2 minutes ago, KhalistanYouth said:

They aren't sikhs but they admire their religion, kinda twisted.

Due to this though, sikhs aren't being targeted for hate-crimes etc because they know repercussions will happen.

Some black youth were making fun of a elderly sikh man, and a couple days later all the sikh youth clowned the black youth on camera and slapped him up.

Nah, I get it. I grew up in skinhead infested territory. It was 'gang' types that fought them, and f**ked them over, making it safe for people on street. 

Still, these guys weren't angels and could do really bad stuff to vulnerable members of their own community. That's how it goes. 

  • Like 1
Link to post
Share on other sites
  • 6 months later...

Join the conversation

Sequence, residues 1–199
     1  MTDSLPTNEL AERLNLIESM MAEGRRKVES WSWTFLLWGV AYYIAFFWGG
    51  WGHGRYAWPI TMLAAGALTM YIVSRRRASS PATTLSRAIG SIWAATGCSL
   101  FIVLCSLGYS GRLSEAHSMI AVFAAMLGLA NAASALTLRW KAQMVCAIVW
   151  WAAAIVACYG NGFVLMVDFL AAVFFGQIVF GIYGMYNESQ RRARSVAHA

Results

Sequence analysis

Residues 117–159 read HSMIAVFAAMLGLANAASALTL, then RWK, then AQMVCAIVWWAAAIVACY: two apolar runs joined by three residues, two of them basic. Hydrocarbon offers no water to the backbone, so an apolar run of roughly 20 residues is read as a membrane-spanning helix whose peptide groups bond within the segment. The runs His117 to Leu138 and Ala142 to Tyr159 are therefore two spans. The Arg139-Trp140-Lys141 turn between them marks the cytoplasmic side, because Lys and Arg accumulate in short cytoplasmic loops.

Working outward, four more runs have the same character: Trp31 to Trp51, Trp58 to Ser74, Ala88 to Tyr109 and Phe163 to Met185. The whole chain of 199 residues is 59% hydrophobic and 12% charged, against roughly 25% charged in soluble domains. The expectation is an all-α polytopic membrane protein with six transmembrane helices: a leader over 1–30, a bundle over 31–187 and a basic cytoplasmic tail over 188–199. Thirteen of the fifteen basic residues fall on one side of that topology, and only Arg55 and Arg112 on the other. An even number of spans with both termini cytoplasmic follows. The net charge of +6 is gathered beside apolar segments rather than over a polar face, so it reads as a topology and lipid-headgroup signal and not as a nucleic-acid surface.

You can post now and register later. If you have an account, sign in now to post with your account.

Guest
Reply to this topic...

×   Pasted as rich text.   Paste as plain text instead

  Only 75 emoji are allowed.

×   Your link has been automatically embedded.   Display as a link instead

×   Your previous content has been restored.   Clear editor

×   You cannot paste images directly. Upload or insert images from URL.

Loading...

  • advertisement_alt
  • advertisement_alt
  • advertisement_alt


  • Topics

  • Posts